Birders Paradise at the Lower Chain of Wetlands
By Jim Frisinger
Fort Worth District, U.S. Army Corps of Engineers
The U.S. Army Corps of Engineers (Corps) has sculpted one such “wildscape” out of an old trash dump, the former Sleepy Hollow Golf Course and edges of it are adjacent to the Great Trinity Forest and Trinity River. From certain locations within the wetland area, Dallas’ downtown is so close that skyscrapers peek above the tree line.
The Lower Chain of Wetlands was conceived through years of collaborative planning between the City of Dallas and the Corps to more efficiently convey floodwaters thus reducing flood elevations along the Trinity River corridor upstream by as much as one foot. The four wetland cells are chained together to provide this conveyance feature and they are a working system that opened in 2009.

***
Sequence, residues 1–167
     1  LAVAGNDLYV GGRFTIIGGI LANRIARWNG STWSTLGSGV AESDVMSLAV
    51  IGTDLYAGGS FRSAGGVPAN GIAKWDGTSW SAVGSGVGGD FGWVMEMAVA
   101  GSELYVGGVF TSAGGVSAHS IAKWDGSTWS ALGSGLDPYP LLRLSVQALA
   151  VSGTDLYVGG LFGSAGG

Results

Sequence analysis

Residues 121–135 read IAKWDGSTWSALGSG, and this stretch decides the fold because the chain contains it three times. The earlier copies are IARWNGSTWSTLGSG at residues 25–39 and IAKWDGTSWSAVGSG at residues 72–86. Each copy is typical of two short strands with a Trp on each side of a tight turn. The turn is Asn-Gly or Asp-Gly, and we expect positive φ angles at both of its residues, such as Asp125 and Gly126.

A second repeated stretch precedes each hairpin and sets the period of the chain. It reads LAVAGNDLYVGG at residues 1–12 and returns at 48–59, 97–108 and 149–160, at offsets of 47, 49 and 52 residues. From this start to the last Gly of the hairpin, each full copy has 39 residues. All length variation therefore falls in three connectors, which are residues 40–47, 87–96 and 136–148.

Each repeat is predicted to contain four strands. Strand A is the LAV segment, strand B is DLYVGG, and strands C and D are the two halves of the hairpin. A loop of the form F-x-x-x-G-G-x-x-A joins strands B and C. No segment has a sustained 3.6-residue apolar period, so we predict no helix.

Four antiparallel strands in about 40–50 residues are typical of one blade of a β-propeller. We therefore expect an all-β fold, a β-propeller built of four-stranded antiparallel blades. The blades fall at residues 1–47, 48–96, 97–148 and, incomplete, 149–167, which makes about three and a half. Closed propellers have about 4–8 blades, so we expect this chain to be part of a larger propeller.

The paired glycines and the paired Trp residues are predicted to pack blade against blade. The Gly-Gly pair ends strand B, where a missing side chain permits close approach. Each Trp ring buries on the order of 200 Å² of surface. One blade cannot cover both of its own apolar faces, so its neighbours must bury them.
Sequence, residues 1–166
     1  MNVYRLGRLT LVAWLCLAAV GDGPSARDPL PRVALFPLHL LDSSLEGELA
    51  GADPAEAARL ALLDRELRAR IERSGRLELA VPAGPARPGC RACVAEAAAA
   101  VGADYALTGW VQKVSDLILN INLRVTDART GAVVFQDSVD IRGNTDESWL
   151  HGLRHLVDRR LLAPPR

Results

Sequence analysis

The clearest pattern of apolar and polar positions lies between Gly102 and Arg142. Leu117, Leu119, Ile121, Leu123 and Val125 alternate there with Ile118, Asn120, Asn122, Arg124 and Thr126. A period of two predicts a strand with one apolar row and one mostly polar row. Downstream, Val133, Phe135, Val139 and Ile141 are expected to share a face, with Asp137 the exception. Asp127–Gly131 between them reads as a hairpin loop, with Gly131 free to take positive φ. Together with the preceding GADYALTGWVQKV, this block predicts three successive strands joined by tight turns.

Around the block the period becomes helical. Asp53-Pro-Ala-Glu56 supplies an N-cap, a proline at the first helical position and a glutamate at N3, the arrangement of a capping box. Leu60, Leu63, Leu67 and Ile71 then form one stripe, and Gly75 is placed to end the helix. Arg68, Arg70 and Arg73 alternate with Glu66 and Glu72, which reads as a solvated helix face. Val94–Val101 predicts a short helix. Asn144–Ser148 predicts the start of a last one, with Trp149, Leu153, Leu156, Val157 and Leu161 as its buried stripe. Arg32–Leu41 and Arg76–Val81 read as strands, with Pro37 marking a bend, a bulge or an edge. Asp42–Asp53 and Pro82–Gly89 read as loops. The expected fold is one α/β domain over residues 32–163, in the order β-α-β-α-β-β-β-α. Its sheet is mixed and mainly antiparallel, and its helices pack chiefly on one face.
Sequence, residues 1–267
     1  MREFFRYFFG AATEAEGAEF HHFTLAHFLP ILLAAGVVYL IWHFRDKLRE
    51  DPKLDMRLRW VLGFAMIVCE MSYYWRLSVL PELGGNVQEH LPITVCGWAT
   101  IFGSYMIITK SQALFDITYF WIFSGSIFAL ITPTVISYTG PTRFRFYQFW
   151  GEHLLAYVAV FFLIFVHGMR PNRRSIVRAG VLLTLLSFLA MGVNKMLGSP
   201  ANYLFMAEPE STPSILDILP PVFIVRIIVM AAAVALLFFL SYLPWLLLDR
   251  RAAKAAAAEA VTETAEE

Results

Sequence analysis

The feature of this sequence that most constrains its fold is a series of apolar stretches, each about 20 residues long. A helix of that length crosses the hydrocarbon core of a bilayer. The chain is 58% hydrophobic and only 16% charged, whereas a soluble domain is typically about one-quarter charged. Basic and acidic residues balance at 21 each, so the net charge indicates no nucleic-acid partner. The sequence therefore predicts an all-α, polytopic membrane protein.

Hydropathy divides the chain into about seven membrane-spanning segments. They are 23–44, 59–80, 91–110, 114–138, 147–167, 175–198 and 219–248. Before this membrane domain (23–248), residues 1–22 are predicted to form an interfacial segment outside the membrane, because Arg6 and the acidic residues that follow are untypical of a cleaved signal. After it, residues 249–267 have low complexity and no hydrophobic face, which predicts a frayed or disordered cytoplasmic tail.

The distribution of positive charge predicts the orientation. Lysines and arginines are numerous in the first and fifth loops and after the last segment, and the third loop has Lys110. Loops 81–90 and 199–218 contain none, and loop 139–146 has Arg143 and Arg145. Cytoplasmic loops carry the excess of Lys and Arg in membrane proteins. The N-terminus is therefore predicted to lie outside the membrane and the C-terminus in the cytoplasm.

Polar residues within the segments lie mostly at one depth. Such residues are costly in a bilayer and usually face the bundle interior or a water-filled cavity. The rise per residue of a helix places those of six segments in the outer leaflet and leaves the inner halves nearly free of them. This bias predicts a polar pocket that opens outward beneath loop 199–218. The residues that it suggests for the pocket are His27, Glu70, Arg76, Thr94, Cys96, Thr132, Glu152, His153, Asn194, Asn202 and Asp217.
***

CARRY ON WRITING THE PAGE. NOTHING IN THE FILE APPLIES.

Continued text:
It took three years to plant a different mix of aquatic plants around each wetland cell and to place them on the appropriate water depth for them to thrive. Each is surrounded by a collar of grasslands. All the vegetation was selected to be particularly valuable as a food source or cover for resident and migratory birds and wildfowl.
The Lower Chain of Wetlands this area is a perfect example of what the Trinity River Corridor Project represents for Dallas because the area is a working flood protection system, it provides a seventy-five acre recreation area adjacent to the historic communities of Joppa and Pemberton hill, it provides access to the Great Trinity Forest, and features environmental properties. "The wetlands are a very special place to slow down, look, listen, and enjoy the beauty of nature through the seasons,” said Susan Tiholiz. “What a gift to anyone who visits!”